These discontinuities in controller output due to parameter changes especially affect the behavior of gain scheduling PID controllers. Gain scheduling is characterized by using different sets of gains (Kp, TI, TD) for different regions of operation of the controller. Often the gains are “scheduled” according the value of a variable such as the set point or process variable. For example, a gain schedule is illustrated by the following set of rules which control the gains to be used based on the value of the set point SP:

If 0≦SP≦30, use K P=1,T I=0.1,T D=0.04;

If 30<SP≦70, use K P=2,T I=0.06,T D=0.04;

If 70<SP≦100, use K P=4,T I=0.02,T D=0.04.

Thus, the positional controller output exhibits a sudden discontinuity whenever the set point (i.e. scheduling parameter) migrates from one region to another.

PID algorithms which are less sensitive to control parameter changes may be obtained from an incremental form for the controller output as follows. Controller equation (4) holds for all values of the discrete index k. In particular, equation (4) implies that the previous controller output u c ( k - 1 ) = K p [ e k - 1 + Δ t T I j = 0 k ( e j + e j - 1 2 ) - T D e k - 1 - e k - 2 Δ t ] . ( 9 )

Taking the difference of equation (4) and equation (9), one obtains the so called incremental PID equation: Δ u c ( k ) = K p [ ( e k - e k - 1 ) + Δ t T I ( e k + e k - 1 2 ) - T D e k - 2 e k - 1 + e k - 2 Δ t ] , ( 10 )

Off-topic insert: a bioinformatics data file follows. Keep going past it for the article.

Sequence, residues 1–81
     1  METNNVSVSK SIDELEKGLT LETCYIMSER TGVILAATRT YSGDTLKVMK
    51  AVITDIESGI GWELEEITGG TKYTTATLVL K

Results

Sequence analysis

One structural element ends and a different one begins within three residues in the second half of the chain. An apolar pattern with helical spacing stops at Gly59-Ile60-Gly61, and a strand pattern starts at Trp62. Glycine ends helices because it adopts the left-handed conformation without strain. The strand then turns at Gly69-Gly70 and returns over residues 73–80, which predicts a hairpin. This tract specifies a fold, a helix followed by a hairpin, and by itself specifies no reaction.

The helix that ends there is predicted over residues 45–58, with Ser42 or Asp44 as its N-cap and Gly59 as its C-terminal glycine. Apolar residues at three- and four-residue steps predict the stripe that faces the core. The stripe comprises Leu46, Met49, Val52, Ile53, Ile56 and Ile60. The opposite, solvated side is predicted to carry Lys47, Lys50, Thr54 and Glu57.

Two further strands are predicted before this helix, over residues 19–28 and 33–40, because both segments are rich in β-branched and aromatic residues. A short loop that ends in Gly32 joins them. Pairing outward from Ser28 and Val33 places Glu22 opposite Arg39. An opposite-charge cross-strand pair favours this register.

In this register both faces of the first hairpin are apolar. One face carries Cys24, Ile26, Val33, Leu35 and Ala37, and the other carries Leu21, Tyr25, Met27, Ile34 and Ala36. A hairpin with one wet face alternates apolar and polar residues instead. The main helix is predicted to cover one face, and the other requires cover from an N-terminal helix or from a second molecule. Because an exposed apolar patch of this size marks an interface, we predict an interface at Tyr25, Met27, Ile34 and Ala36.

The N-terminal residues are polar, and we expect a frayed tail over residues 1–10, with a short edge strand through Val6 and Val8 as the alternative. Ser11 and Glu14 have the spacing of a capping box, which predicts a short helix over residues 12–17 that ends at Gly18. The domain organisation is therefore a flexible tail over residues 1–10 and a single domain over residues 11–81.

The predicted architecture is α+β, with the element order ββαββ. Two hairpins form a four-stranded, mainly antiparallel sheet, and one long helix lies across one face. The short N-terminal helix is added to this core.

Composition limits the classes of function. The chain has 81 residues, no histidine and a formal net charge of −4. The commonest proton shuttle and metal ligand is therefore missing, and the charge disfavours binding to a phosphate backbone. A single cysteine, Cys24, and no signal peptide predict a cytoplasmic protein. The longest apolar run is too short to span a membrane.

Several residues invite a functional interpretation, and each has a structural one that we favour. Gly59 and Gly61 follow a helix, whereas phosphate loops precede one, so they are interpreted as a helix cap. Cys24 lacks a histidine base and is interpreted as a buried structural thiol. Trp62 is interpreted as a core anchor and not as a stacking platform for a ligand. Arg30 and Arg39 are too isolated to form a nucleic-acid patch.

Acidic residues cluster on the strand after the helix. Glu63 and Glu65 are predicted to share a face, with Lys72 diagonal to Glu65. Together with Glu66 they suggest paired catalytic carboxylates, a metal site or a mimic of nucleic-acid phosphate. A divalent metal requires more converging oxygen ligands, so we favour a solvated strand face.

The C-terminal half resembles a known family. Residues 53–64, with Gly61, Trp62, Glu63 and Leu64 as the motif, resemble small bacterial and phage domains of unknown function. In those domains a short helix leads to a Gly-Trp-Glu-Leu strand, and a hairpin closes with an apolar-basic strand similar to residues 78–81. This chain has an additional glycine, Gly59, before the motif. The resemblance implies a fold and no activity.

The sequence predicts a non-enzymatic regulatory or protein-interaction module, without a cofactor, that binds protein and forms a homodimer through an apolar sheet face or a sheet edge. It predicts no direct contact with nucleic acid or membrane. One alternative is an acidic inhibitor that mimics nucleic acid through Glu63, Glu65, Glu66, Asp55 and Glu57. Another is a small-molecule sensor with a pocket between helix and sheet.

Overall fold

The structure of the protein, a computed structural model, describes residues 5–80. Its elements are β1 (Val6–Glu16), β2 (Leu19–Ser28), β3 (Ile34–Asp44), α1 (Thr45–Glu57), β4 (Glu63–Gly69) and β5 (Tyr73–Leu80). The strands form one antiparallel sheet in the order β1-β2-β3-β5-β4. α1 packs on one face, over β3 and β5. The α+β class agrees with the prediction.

where the control increment Δuc(k) is the difference between the current controller output and the previous controller output, i.e. Δuc(k)=uc(k)−uc(k−1). Observe that the control increment Δuc(k) is computed in terms of the current error ek and the two previous error values ek−1 and ek−2. Using the incremental PID equation (10), the current control output uc(k) may be written in a recursive form as follows: u c ( k ) = u c ( k - 1 ) + K p [ ( e k - e k - 1 ) + Δ t T I ( e k + e k - 1 2 ) - T D e k - 2 e k - 1 + e k - 2 Δ t ] . ( 11 )

A PID algorithm based on equation (10), or equivalently equation (11), is referred to as an incremental PID algorithm.

One disadvantage of the incremental algorithm is that it gives an incorrect response to changes in the controller parameters. For a Proportional or Proportional-Derivative controller (i.e. no integral action), the incremental algorithm will generate a control output which is obviously inconsistent with the positional algorithm. For example, consider a Proportional controller with output given by u=Kpe. When the gain Kp is changed, the subsequent incremental controller output, determined by the equation

u(k)=u(k−1)+K p(e k −e k−1),